February 4, 2010

Cracking Chimerica

The following article appeared in the Indian Express on February 4, 2010.

American foreign policy concepts can be as fickle as fashion trends. The most recent catchphrase is “G-2”, popularised by Zbigniew Brzezinski, and meant to reflect a necessary and desirable duopoly between the US and China. The Obama administration was seen as buying into this concept when it institutionalised a strategic and economic dialogue between the two countries last year. China, it was felt, could be engaged successfully, to the two countries’ mutual benefit.

Obama’s agenda for the bilateral relationship with Beijing was ambitious. Chinese cooperation was seen as vital to discouraging Iran and North Korea from pursuing nuclear weapons. On important multilateral initiatives, such as a breakthrough agreement on climate change and the resuscitation of the Doha Round of trade talks, Chinese cooperation was critical. Closer home, consultations with Beijing were required to gradually overturn the US’s enormous trade deficit and plot a way out of the global financial crisis.

The potential returns on all of these fronts were large enough for Obama to expend considerable political capital to keep positive engagement alive. His administration’s rather public declaration to reduce its emphasis on Chinese human rights violations unsettled advocates at home. Obama earned the added ire of supporters by opting not to meet the Dalai Lama. And he was widely ridiculed for various conciliatory gestures made during his visit to Beijing in November.

But it was also developments during that visit to Beijing and the subsequent UN climate summit at Copenhagen in December that suggest that the G-2 has now swiftly fallen out of favour. Despite the generous concessions offered Beijing, not one of Obama’s strategic objectives was met. There was no move to float the renminbi, and no discernible change in position on either Iran or North Korea. Cyber attacks have reportedly continued emanating from China, and dissidents have been jailed. At Copenhagen, China was seen as primarily responsible for obstructing a meaningful agreement.

The resulting change in the American posture has been palpable. The administration announced $6 billion in military sales to Taiwan, including Black Hawk helicopters and Patriot missile interceptors, which prompted Beijing to suspend military-to-military contacts with the US. Cyber security and Internet freedom featured prominently in a major speech by Secretary of State Hillary Clinton, while Obama could possibly meet with the Dalai Lama later this month. Wrangling on the economic and commercial fronts is expected to intensify in the near future.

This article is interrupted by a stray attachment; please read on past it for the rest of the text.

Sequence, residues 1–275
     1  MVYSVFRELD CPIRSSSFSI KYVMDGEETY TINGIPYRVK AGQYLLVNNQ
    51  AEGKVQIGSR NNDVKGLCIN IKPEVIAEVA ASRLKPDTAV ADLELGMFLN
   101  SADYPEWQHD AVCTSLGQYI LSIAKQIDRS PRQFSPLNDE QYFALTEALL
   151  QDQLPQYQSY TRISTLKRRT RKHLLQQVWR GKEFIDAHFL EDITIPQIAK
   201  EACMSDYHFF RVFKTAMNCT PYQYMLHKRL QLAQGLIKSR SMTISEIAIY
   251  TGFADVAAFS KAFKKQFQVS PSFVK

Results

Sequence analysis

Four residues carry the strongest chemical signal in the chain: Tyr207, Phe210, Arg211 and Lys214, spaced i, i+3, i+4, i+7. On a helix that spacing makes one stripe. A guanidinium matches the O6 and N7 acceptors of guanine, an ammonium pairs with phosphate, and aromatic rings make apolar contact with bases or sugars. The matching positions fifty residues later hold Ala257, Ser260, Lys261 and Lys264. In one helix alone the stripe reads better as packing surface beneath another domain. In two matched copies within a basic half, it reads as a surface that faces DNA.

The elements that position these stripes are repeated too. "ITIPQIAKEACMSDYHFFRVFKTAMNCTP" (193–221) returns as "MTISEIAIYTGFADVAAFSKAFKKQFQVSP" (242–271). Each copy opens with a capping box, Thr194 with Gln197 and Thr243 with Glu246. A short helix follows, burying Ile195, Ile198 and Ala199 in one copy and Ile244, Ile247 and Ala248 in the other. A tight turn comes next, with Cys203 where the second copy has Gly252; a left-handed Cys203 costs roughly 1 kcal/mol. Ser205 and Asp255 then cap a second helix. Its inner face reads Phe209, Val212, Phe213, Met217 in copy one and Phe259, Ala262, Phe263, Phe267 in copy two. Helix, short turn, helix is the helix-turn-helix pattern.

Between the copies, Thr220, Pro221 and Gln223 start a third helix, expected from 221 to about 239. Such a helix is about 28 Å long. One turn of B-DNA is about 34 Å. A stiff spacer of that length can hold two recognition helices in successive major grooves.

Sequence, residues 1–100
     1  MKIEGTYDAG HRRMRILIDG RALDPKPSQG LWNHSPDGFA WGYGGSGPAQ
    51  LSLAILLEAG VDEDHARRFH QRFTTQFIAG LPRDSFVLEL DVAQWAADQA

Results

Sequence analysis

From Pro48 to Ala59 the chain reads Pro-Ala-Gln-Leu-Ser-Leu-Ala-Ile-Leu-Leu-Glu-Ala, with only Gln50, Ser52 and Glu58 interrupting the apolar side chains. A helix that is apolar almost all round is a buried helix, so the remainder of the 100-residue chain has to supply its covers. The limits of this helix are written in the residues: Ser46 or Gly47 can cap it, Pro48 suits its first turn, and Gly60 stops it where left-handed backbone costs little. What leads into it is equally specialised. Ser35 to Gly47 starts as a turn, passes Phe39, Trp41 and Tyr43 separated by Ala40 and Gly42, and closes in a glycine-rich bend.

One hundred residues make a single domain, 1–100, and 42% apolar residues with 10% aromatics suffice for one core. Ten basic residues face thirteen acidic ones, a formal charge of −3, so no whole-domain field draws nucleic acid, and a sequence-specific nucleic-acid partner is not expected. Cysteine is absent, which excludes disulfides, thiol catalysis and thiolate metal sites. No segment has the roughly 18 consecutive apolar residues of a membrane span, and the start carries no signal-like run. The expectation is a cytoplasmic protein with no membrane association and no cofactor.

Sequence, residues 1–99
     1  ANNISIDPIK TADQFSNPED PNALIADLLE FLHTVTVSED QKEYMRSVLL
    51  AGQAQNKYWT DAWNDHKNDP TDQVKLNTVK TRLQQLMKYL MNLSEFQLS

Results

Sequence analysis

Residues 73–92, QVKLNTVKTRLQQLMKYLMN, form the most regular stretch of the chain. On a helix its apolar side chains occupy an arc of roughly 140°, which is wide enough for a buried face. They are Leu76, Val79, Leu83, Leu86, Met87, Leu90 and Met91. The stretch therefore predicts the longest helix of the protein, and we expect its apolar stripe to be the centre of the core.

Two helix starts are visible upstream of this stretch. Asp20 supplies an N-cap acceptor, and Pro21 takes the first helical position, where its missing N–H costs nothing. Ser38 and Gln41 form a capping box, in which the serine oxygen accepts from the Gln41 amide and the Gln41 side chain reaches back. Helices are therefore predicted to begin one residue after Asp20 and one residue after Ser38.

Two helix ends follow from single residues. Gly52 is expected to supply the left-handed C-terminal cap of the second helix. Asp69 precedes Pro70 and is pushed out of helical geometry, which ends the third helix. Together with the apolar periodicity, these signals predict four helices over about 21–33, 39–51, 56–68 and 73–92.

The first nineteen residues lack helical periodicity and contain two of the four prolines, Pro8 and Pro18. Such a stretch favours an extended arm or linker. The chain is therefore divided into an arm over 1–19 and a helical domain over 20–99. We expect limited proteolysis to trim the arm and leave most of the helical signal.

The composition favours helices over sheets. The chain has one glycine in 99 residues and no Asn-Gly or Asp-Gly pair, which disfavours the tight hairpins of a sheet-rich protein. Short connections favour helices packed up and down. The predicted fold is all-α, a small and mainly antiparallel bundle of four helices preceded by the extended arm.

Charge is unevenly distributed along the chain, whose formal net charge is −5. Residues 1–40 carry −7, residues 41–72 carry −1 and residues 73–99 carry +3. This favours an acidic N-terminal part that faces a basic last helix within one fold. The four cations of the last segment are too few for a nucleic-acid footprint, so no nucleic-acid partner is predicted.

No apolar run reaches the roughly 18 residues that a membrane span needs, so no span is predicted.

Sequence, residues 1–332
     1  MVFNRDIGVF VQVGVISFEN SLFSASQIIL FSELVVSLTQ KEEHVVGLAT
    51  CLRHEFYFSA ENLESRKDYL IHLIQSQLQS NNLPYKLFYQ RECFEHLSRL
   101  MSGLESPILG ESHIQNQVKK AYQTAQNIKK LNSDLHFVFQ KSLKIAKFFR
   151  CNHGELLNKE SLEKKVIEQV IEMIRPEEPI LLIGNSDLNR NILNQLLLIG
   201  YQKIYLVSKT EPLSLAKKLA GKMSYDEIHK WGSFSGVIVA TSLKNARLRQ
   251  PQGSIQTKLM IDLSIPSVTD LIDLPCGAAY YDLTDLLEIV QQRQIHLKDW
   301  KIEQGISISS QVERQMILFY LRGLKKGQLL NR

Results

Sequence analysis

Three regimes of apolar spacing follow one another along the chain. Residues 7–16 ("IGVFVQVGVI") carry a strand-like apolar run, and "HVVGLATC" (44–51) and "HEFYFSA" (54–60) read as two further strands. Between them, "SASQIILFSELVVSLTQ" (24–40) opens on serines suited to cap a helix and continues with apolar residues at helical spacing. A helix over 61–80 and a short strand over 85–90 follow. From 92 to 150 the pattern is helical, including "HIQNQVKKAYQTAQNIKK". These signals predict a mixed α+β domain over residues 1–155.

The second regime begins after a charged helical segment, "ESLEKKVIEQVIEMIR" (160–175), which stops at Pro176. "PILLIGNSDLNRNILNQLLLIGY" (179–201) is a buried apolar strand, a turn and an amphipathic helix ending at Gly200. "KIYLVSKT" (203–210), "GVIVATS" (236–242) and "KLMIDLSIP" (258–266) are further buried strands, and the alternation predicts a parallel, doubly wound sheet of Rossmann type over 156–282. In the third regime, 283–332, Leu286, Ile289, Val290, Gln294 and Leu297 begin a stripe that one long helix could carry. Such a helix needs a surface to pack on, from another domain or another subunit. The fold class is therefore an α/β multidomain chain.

Pessimism about the proposed US-China condominium has filtered into general discourse. Influential American commentators have become increasingly bearish about China’s political and economic future. Columnist Thomas Friedman — a well-known booster of emerging economies — reassessed his position after Beijing’s recent stand-off with Google. Murmurings among Obama’s top economic advisers suggest there are rougher times ahead.

The general despondency about the prospect of China’s willingness to rise as a “responsible stakeholder” — to use Robert Zoellick’s now-famous phrase — has even trickled across to Europe. In late 2008, China postponed a summit with the European Union after French President Nicolas Sarkozy’s meeting with the Dalai Lama. Then, China quickly followed up its wrecking of Europe’s pet multilateral project at Copenhagen with the execution of a European citizen for drug smuggling. There is now renewed concern about China on both sides of the Atlantic, a sentiment that will undoubtedly resonate with India.

The volte face by the US on China will almost certainly have implications for India’s relationships with both countries, as it would in any such strategic triangle. New Delhi will now face critical choices in coming months on a range of issues, but it is unlikely that a single formula will guide it through what could be a turbulent period. In some areas, India may be required to work in concert with both — say, in order to sustain the global flow of goods and capital (from which all parties benefit) or counter the spread of Islamist militancy (which adversely affects all three). Other issues may compel India to side with one against the other, for example, with China on affairs related to economic development, but with the US on matters pertaining to national security and regional stability.

The Indian leadership was quick to anticipate the possibility of a closer US-China relationship, and the implications it would have for Indian interests. It must now be equally nimble in reacting to what could well be a nasty break-up.